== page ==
To tell the movie one of the greatest stories of humanity, what is expected is a great movie. And “Noah” only pretends to be one. The actor is a household name, with Oscar and all. There is technology and money to create the giant ark and the flood. All narrated in epic tone, right? But Russell Crowe is lousy, the ark is only a crate floating in a bathtub and the history, simplistic, have battles that seem to have rejected by the “The Lord of the Rings“.
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The Need for Speed series is famous for stylish vehicles in races held in unusual locations, allowing the player to drive around in the middle of a hint of illegality. Yes, because clandestine disputes and police leaks are constant figures in games of the series. Given the overwhelming success of the Fast & Furious franchise, it seemed natural that a big-screen adaptation arise anytime. What was not expected was that the movie was so sloppy in such crucial issues.
The story and the setting of the main characters are not good. Everything revolves around Tobey Marshall (Aaron Paul of Breaking Bad series, very apathetic), the good owner of a workshop practicing some illegal races in their free time. One day, he receives an invitation from a disaffected (Dominic West) to assist in the construction of a mythical car, aiming at a future sale. Needing the money, he stumbles. Service done, the two end up dueling in decisive splits… and a great partner of Tobey dies. Result: the hero goes to jail and two years later, resurfaces willing to participate in an illegal race. Of course, the villain of the story will also be in contention.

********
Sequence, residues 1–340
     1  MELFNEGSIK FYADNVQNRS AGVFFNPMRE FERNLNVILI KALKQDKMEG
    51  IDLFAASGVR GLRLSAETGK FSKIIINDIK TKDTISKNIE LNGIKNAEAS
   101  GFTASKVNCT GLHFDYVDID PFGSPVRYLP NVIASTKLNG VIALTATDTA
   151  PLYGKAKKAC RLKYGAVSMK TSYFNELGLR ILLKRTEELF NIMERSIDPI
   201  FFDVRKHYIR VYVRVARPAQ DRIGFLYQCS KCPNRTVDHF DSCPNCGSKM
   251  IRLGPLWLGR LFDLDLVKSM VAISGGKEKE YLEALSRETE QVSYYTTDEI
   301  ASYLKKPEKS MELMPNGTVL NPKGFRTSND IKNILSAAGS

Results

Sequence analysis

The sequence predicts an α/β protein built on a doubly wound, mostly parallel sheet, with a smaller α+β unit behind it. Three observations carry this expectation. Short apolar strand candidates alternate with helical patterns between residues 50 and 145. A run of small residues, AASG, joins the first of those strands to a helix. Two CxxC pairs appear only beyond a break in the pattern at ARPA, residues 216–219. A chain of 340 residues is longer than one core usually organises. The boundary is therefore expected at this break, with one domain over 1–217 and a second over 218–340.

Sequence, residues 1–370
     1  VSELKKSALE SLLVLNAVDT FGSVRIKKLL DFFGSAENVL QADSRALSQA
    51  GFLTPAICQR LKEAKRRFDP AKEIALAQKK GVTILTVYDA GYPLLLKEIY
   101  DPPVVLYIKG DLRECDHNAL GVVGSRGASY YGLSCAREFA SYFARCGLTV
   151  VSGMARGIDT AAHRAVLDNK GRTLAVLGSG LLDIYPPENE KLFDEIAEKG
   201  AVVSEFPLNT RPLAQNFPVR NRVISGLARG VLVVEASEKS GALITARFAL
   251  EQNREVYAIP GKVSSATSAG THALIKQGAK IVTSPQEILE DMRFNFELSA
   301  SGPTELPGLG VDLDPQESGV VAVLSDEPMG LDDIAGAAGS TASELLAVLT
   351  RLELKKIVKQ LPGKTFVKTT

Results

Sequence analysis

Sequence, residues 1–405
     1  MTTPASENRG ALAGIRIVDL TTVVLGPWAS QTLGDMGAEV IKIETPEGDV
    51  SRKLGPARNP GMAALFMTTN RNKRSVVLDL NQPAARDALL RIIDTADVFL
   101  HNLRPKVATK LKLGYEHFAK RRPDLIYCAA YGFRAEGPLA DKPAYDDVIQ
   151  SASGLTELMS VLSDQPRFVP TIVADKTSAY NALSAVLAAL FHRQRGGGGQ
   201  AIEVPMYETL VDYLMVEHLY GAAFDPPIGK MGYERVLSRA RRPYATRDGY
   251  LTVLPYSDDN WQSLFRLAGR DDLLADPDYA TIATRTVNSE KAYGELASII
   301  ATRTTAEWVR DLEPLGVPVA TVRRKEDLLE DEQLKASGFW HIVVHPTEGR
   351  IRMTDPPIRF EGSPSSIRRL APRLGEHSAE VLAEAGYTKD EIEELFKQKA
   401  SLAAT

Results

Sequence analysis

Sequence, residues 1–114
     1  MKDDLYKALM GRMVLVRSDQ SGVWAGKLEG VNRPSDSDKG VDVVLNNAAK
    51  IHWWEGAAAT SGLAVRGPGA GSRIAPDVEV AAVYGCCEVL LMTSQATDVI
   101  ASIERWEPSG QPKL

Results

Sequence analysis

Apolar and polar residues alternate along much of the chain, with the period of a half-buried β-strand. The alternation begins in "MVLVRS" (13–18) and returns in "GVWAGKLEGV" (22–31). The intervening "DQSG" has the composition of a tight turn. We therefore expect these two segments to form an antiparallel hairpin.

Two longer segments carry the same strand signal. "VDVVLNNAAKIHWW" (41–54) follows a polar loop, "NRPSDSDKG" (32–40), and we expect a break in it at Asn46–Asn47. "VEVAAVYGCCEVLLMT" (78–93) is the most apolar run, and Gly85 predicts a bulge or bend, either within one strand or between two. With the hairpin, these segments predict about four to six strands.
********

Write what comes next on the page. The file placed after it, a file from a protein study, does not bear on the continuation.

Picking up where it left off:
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The beginning of Pompeii is not encouraging. A man emerges from somewhere and soon guesses that this is the villain because he lets a child die. Then another one appears, in slow motion, and you can know that this is the good guy, because it is strong, beautiful and takes care of helpless animals. Even comes a beautiful girl, who immediately looks at the strong gladiator, and both fall in love at first sight. She also says some catch phrase like “I can see the goodness in your heart.” These moments do not inspire confidence, but the film makes up for the lack of subtlety and little intelligence script with an impressive visual spectacle.
Director Paul W. S. Anderson seems to have so much fun with the camera and with the potential of this plot. Incidentally, that is the history of the Italian city and the volcano Vesuvius is mere backdrop for director massacring an entire population in less than two hours. The title could also be “A million ways to die in Pompeii“: Anderson creates deaths by sword, chains, asphyxia, lava volcano, tsunami, crushing, stonin… all with the pleasure of a child playing with dolls and dreams of the massive destruction of imaginary scenarios.